This one is actually comical.  I can just see you now: the flooding river is rising and you need to evacuate.  Strap on your water barrel and your bug out bag and you are good to go. Not!

Depending on the number of people in your family and whether you have located or set aside a separate water source for hygiene and cleaning, 55 gallons is not going to last long.  Conservatively, you are going to need one gallon of water per person per day.

It is always a good idea to have a portable water filter you can transport when you are on the go.  In addition, rain barrels can be a great source of non-potable water for flushing and for use in the garden.  Good sense dictates that you store water in various sized containers and plan for different situations such as bugging-out, sheltering-in-place, sanitation and so on.

Myth #4: You can save space by stacking water barrels on top of each other

Most water barrels are not designed to be stacked. If space is limited, consider a stacking system designed to accommodate the weight of filled barrels.  A good example is this one from Titan ReadyWater.

Also, there are options other than barrels, that can be stacked,  These include water bricks and even canned water.

Myth #5: Since I have a water purifier, I don’t need a water filter

According to the water specialists at Emergency Essentials, water purifiers like Chlorine Dioxide will kill 99.9% of all microorganisms (like protozoa, bacteria, and viruses) in your water. Chlorine Dioxide is excellent for sheltering-in-place, and also great for treating water from your barrels or water you collect from streams or rivers while hiking.
Bleach is also a decent purified as long as it is fresh (less than a year old) and the unscented type.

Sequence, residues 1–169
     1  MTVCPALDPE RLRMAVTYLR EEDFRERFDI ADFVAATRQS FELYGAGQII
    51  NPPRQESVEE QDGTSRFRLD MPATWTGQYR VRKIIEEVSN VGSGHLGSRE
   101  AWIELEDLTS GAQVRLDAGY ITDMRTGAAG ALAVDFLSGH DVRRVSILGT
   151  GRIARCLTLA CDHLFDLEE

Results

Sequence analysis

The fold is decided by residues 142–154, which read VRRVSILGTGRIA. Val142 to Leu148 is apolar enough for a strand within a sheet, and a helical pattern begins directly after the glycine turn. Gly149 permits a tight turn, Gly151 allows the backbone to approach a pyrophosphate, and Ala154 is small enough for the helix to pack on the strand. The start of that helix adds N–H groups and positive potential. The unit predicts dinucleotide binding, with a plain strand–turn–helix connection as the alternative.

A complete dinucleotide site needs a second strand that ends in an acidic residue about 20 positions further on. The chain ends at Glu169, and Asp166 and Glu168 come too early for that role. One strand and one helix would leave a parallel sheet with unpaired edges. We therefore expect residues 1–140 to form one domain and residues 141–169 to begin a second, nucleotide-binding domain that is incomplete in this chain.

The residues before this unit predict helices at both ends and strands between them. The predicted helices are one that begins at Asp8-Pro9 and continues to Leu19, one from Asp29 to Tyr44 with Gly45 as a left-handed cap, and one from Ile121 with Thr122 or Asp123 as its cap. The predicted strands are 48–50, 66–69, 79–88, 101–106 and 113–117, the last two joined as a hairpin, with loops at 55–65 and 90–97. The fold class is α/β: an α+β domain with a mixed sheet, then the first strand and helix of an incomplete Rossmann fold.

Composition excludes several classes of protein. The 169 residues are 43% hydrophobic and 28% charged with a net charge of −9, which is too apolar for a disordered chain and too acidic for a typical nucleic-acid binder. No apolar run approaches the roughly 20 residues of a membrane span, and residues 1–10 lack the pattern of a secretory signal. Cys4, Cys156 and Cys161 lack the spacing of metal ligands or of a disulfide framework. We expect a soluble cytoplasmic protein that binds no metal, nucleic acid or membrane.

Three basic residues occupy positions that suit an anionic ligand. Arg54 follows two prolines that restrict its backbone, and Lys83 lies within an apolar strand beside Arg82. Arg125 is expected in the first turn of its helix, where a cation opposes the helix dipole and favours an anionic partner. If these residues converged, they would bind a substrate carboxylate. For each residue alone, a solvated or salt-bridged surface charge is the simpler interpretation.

Water purifiers alone will not  remove dirt, silt, “gunk” and chemicals from your water.  For these nasties, you need a filter.  Using a purifier and filter together are an ideal combination to make sure your water is clean enough for drinking.

A Note About Storing Water Barrels

Purify Your Drinking Water - Wellness Carafe CartridgesDid you know that water should not be stored on bare cement including the cement on the floor of your basement or garage?

The reason for this is that plastics absorb flavors and odors from chemicals and liquids spilled on the floor and also from the chemicals used to create the concrete.  What you need to do is store your water on a piece of wood that sits between the floor and the concrete.  A repurposed wood pallet would be ideal.

The Final Word

There is no question that having an adequate supply of water following a disaster or other emergency is paramount to both our health and our comfort.  Having a large water barrel or two, if stored properly, will serve you well but should not preclude the storage of bottled water, frozen jugs of water in your freezer (which will them become a makeshift cooler when the power goes out), and water purification and filtering systems.

Redundancy is good and even more so when it comes to water.

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Enjoy your next adventure through common sense and thoughtful preparation!

Gaye started Backdoor Survival to share her angst and concern about our deteriorating economy and its impact on ordinary, middle-class folks. She also wanted to become a prepper of the highest order and to share her knowledge as she learned it along the way. She considers her sharing of knowledge her way of giving back and as always, we at Natural Blaze are grateful for her contributions. If you would like to read more from Gaye Levy, check out her blog at  You can also visit her Facebook page or sign up for updates by email by clicking on Backdoor Survival Updates.